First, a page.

Boy Suspended for Being 'Credible Threat' With Laser Pointer

suspended for laser pointer

Here's an item to add to the list of dangerous things your kid absolutely should not be bringing to school: laser pointers. Apparently these office products fall into the same zero-tolerance category as guns, knives, and explosives -- and can result in a lengthy suspension, as evidenced in the case of a 13-year-old Indiana boy who's been kicked out of school for waving a laser pointer in the parking lot.

According to police, the boy was spotted holding a "gun-like object," and after a search of his locker came up empty, his mother said she'd seen him with a laser pointer. That's when the school suspended the boy for five days under a policy that prohibits guns or anything resembling a gun on school property.

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The police captain who commented on the incident said,

Lasers aren't made to be toys. It's unfortunate they're kind of marketed as a toy or a gimmick but they're not meant to be toys. They are very dangerous in and of themselves, but anytime you have anything that looks like a firearm it’s obviously a danger and would be considered a credible threat.

He added that local sheriffs have firearms with lasers built into them, which means that police could mistake a laser for a firearm.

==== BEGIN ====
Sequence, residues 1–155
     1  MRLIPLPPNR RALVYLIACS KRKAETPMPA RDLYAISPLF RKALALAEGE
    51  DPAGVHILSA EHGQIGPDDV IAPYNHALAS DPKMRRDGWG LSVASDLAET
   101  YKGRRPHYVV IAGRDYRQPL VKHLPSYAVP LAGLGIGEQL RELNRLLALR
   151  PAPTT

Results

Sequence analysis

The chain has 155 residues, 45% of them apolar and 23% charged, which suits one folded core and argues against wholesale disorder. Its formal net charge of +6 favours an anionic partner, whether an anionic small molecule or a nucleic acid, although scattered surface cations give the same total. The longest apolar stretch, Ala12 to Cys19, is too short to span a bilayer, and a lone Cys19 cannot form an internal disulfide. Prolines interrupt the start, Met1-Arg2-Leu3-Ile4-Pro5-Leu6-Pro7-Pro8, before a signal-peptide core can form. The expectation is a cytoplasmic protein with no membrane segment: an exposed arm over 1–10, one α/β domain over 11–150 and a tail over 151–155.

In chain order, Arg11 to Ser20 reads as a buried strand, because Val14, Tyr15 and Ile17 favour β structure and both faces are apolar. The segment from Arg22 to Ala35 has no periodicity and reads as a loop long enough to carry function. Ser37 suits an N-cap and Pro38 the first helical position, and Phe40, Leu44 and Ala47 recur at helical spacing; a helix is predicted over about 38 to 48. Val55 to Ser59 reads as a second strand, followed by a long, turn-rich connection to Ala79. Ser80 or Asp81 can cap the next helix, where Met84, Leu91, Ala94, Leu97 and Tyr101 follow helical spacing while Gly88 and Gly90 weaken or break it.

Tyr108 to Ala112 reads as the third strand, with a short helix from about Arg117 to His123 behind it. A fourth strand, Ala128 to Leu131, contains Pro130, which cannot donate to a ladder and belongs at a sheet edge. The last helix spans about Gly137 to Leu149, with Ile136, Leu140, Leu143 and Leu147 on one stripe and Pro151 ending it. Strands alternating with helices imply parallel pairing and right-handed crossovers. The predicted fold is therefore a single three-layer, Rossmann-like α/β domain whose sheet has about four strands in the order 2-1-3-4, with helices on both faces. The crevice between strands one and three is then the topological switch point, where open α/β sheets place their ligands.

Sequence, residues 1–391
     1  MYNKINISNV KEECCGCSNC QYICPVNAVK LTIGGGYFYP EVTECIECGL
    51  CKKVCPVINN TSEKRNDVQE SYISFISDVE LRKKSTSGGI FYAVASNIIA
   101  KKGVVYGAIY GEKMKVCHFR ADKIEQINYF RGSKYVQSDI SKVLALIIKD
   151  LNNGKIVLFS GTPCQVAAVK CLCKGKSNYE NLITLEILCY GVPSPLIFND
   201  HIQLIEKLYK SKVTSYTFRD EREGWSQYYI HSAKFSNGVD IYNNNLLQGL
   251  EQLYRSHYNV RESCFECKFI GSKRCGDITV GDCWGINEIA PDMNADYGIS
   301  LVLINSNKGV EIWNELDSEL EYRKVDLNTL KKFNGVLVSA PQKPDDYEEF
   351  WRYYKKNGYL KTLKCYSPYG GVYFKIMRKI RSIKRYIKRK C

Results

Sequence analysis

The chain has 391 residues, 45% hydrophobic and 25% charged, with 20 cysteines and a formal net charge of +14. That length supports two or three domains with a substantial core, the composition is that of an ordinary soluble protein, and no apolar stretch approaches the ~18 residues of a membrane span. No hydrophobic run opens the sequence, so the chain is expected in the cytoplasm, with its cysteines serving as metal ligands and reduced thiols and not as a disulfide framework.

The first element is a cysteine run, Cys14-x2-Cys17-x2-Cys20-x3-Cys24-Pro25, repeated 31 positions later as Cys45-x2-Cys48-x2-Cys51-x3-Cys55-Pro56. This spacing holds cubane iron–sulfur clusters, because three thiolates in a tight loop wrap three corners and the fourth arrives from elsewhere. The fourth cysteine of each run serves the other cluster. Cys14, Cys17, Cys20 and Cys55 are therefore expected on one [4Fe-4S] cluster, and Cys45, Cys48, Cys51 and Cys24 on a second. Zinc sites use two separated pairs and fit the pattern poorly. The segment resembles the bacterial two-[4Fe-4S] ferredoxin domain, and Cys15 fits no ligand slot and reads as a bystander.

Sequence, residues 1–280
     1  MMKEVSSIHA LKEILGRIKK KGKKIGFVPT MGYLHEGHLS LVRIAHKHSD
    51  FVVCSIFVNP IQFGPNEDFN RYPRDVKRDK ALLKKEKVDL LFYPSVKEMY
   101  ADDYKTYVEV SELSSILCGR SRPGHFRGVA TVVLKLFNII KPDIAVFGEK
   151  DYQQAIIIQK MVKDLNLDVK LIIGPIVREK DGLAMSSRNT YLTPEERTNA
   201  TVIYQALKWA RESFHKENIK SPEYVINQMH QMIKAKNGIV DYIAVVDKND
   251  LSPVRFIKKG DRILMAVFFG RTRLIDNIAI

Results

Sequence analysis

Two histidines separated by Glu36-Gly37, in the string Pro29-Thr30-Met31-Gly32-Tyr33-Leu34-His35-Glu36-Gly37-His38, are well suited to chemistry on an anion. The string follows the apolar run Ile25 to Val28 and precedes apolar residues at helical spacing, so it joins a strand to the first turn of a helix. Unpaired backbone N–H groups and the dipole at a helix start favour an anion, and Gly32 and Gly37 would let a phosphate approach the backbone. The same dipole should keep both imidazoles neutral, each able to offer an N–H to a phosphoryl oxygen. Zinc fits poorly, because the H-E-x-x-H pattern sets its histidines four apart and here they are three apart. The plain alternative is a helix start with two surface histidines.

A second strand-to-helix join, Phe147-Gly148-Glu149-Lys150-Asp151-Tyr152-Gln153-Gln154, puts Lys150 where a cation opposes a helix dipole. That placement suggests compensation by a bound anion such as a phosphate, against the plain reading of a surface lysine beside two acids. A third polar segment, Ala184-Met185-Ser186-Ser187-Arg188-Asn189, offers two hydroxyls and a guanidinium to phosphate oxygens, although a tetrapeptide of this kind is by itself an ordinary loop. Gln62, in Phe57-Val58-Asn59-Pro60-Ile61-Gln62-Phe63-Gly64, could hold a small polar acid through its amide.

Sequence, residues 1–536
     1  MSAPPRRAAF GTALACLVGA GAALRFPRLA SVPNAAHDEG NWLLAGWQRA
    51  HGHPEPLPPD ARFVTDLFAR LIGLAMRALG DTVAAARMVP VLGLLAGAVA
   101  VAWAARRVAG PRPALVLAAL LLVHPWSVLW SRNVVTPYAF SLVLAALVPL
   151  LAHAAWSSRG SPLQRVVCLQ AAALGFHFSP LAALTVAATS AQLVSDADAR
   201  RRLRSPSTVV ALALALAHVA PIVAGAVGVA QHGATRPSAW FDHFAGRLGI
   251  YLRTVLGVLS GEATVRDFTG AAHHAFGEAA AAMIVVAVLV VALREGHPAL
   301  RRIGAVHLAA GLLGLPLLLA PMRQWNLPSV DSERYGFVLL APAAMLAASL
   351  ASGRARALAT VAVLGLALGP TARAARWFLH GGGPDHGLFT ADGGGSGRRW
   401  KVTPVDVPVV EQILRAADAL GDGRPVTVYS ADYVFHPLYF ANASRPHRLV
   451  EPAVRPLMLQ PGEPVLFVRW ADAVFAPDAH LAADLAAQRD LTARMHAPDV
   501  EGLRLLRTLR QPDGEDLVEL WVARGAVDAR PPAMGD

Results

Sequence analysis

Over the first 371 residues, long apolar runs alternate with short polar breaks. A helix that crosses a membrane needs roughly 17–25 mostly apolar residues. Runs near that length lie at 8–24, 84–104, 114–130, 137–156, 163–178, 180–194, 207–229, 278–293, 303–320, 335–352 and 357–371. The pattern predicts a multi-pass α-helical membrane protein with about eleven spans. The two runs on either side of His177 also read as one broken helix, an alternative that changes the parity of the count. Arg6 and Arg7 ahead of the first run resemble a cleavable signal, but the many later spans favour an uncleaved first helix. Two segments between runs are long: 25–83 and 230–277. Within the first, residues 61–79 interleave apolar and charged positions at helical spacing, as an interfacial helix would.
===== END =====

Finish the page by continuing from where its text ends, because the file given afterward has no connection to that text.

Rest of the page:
The thing that isn't clear to me from the report is whether the laser pointer intentionally resembled a gun, like this toy. If it looked like this, I can totally see how someone thought the boy was holding a weapon:

But if it looked like the standard whiteboard-pointer we're all familiar with, I'm really not sure how an officer could have mistaken it for a firearm. Unless the officer in question needs a lot more training.

Whether it looked like a gun or a pen, the fact remains that plenty of schools will suspend a kid for messing with a laser pointer. A California fifth grader was suspended and sent to a violence-deterrence program a few years ago when she played with a laser pen she'd found on the playground. As her principal said at the time,

It is a dangerous object and fits into the category of a suspendable offense. We are required to respond that way.

In conclusion, teach your kids to treat laser pointers as they would any other kind of weapon, which is to say don't get near them on school grounds under any circumstances. Even though I think we can all secretly agree they make very fine cat toys.

Do you think playing with a laser pointer should result in suspension?


Images via fastlizard4/Flickr, eBay, Amazon

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